Bristol City Council mayoral leaflets 'not fair or balanced'
A council is facing a £21,000 bill for leaflets which the government has claimed are not balanced or accurate.
Bristol City Council hoped to claim the money back for producing the 12-page booklet, distributed ahead of the mayoral referendum on 3 May.
But the government has refused to cover the cost - after saying the literature did not pass its impartiality test.
There are also claims some voters have not received the booklet while 10,000 ineligible voters have.
Bristol City Council said the leaflet was "impartial and fair" but admitted some problems with its delivery.
Greg Clark, Conservative minister for cities, insisted there were inaccuracies in the document.
He said: "One of them is this business about the cost of the election, suggesting that it is somewhere between £360,000 and £400,000.
"If Bristol votes 'yes' for a mayor, the election will be in November where there's already another election taking place.
Once again Bristol City Council and the government are at loggerheads.
Only last month the council accused Westminster of trying to blackmail Bristolians into voting for a mayor in May.
Now the government claims the council has sent out inaccurate and biased leaflets about the referendum.
The city council stands by its leaflets which were drafted by officers and approved by a cross-party committee of councillors.
But the council must explain why so many homes in Bristol are still without the leaflet they should have received by 30 March.
Ironically - some of those with a leaflet can't actually vote in the referendum as they live outside the city. An 83-year old man in Failand in North Somerset had thought he was entitled to vote as he'd had a copy through the door.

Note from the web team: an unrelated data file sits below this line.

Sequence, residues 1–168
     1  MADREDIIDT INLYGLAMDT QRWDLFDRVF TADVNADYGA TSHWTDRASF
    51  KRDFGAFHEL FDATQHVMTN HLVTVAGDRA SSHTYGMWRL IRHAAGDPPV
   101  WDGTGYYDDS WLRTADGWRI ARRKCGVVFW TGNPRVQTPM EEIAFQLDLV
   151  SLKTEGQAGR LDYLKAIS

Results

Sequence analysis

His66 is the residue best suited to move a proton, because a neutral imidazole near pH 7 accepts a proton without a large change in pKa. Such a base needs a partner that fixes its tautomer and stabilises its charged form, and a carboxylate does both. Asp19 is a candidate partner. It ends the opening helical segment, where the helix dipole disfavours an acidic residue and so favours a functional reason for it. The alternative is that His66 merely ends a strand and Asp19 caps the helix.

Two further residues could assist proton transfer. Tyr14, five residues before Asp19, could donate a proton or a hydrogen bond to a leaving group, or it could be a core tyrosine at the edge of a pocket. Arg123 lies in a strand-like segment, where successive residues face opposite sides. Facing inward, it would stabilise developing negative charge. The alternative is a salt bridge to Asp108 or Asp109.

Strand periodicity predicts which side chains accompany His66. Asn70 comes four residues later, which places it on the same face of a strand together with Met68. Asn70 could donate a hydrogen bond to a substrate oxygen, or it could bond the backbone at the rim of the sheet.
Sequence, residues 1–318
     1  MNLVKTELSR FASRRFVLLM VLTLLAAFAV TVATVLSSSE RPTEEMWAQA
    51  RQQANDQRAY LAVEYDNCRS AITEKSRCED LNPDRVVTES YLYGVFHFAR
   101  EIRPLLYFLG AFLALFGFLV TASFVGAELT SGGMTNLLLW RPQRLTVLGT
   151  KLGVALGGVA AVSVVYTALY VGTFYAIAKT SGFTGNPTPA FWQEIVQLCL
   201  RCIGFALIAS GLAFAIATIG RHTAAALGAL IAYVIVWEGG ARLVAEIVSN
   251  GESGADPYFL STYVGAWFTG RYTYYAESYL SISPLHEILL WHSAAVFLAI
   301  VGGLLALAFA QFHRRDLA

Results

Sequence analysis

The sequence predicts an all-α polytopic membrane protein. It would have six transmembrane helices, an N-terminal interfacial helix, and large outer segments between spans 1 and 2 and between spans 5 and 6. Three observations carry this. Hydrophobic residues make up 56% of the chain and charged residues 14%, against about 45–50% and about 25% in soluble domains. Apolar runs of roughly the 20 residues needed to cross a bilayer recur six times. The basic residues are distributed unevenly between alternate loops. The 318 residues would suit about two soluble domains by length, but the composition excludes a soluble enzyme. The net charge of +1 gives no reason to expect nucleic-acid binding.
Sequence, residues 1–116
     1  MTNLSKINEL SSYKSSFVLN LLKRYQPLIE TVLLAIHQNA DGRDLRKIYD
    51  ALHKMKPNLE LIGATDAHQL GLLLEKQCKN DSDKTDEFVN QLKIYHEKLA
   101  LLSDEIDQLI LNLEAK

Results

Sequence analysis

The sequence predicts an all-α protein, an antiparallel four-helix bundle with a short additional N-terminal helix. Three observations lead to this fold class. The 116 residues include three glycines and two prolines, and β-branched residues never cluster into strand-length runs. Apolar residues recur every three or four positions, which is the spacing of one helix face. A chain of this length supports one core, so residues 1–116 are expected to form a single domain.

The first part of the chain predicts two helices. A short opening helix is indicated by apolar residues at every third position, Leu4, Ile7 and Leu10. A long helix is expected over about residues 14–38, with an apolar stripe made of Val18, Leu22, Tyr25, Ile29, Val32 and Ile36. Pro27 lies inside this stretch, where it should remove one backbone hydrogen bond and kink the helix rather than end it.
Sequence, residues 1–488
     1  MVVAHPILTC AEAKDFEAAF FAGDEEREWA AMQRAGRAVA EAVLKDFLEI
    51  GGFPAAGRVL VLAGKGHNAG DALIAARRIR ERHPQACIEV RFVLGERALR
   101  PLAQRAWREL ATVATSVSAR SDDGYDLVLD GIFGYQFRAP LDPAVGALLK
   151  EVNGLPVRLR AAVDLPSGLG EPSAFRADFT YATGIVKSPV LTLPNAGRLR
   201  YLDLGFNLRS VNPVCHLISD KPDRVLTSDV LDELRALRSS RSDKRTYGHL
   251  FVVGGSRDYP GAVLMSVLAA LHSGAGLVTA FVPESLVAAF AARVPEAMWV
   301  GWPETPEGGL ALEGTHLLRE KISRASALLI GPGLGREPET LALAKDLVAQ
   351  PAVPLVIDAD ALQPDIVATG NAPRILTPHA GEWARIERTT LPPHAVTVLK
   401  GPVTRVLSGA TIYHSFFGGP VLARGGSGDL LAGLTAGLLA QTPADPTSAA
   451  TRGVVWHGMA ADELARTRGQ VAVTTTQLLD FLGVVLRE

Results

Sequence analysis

The renewed mudslinging with government and the delivery failures have served one purpose though - raising the profile of a referendum that is still failing to capture the public imagination.
"Every voter in Bristol will be voting, paid for by central government, so all that will be required is to print another ballot paper.
"So it's not right to put [out] information that is inaccurate."
Gary Hopkins, chairman of the city council's elections and democracy committee, said: "It was put together by objective officers. It is an appalling slur on [the] officers that they've invented the cost."
Mr Hopkins said the figures were "actual facts, not on-back-of-the-envelope calculations".
The council said it was in talks with the government and it was "confident and hopeful" the costs of the leaflet will be met.
Royal Mail was due to deliver nearly 172,000 leaflets and all deliveries were to be completed by 30 March.
Many homes in places such as Clifton, Henleaze, Bedminster and Bishopston have not received the literature, while thousands of residents in North Somerset, South Gloucestershire and Bath and North East Somerset have, despite not being able vote in the referendum.
Mr Hopkins blamed Royal Mail for the delivery problems.
Royal Mail spokeswoman Val Bodden said: "We are not aware of any problems with door-to-door deliveries in the Bristol area for our customer, Bristol City Council.
"If any customer has any issues with non-delivery of the referendum leaflet, they should contact Royal Mail customer services on 08457 740740 and it will be fully investigated."